The situation is more complex. Piaget’s stages are underpinned by genetics si the theory has an element of nature 2. Social interactions determine language use and language then helps to drive further cognitive development 4. Underlying genetic stages suggest a universal theory of learning to all children in all cultures 5.Review of the Theory Piaget 1. Individual development is far more dependent upon the individual child’s social interaction and their culture 5. The child determines their own development by active exploring and discovery learning-> the child consider as “little scientist” 3. Development of language arises from cognitive development 4. Being a Marxist. Teachers and other MKOs are crucial for the child development . Teachers have limited role to play Vygotsky 1. Vygotsky fails to mention genetics and takes an extreme nurture stance believing society is crucial in determining development 2. particularly the MKO (More Knowledgeable Other)-> the child consider as a little apprentice 3. Social factors play an important part in the development of the child.

Schaffer (2004) believes emotional factors such as struggles. young children seem unable to grasp abstract or hypothetical ideas regardless of the amount of scaffolding provided. As we shall see with education. Motivation Vygotsky does not consider the importance of the child’s desire to learn. This provides support for Piaget but questions Vygotsky’s views. Social interactions These can sometimes be counter-productive. still develop at a slower rate. For example there is no mention of how brain maturation during the early years may alter the ability of children to think in more advanced ways. This suggests that there are qualitative differences between the thinking of young children and older ones. there is no mention of stages but instead an underlying assumption that children function and think in similar ways throughout their life. including genetic must be involved. regardless of help given by others. Individual differences Some children. frustrations caused by failure and the joys of success are all important factors in the level of motivation experienced by the child. Not all criticisms are useful or well received! Durkin (1995) points out that often advice from parents can serve to make the child even more determined to do things its own way. suggesting that other factors. • • • • . Vague Vygotsky did not say what types of social interaction are best for encouraging learning.Review of the Theory • Criticisms Unlike Piaget.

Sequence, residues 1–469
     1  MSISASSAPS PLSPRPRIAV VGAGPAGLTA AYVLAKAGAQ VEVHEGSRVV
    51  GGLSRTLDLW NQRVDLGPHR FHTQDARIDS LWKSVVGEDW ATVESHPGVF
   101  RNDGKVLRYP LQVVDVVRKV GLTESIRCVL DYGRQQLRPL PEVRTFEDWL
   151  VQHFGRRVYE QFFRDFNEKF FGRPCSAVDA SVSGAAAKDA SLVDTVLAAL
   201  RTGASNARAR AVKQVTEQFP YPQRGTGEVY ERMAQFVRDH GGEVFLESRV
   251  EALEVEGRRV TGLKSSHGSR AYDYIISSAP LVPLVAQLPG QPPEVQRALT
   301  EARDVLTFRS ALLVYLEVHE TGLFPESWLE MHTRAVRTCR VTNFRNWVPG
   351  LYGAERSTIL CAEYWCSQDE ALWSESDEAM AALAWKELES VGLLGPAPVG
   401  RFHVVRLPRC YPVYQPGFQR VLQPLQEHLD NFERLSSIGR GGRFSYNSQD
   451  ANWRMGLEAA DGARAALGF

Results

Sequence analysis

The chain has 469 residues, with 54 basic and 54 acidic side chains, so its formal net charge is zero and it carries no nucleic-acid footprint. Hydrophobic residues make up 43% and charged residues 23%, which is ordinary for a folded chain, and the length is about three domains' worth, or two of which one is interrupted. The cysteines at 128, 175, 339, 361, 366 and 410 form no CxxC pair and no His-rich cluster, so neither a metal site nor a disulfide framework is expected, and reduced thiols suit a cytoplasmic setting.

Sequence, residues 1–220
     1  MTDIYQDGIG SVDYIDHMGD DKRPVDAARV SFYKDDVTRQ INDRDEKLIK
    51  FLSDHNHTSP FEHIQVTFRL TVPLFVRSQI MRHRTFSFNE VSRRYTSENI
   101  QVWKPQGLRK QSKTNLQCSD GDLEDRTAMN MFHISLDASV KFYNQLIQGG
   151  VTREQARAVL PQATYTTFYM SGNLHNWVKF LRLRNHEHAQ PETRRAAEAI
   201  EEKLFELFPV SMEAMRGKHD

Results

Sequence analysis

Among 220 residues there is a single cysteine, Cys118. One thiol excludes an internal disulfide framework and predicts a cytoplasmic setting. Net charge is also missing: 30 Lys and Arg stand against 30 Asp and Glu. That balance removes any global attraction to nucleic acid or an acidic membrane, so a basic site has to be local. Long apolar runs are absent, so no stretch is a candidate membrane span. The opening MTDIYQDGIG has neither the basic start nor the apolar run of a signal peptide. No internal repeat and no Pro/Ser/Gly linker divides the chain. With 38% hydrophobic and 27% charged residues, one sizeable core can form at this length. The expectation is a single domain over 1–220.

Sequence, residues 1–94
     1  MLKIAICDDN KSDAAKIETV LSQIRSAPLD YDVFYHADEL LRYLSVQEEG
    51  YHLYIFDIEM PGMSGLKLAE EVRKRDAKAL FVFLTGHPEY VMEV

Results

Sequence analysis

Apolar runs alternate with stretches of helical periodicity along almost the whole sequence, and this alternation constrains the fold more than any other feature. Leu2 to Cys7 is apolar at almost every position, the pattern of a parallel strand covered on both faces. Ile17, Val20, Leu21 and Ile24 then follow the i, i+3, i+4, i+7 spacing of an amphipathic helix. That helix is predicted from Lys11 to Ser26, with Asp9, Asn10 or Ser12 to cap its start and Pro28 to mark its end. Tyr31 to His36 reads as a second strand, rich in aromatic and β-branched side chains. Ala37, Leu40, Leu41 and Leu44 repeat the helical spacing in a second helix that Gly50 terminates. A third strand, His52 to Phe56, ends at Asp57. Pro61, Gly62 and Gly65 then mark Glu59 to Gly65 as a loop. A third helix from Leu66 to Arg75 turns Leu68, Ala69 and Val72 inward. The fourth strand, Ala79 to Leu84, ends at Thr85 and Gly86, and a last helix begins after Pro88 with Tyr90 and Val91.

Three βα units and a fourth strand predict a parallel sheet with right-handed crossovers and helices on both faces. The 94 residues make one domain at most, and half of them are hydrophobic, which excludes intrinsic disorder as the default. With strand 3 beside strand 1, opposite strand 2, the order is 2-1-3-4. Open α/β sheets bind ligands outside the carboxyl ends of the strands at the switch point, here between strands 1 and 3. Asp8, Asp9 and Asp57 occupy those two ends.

The ZPD can serve as a guide for curricular and lesson planning 3. Relate out of school experience to the child’s school experience . School learning should occur in a meaningful context 4.Conclusion • Four main principles of Vygotsky’s Theory: 1. Learning and development is a social. collaborative activity 2.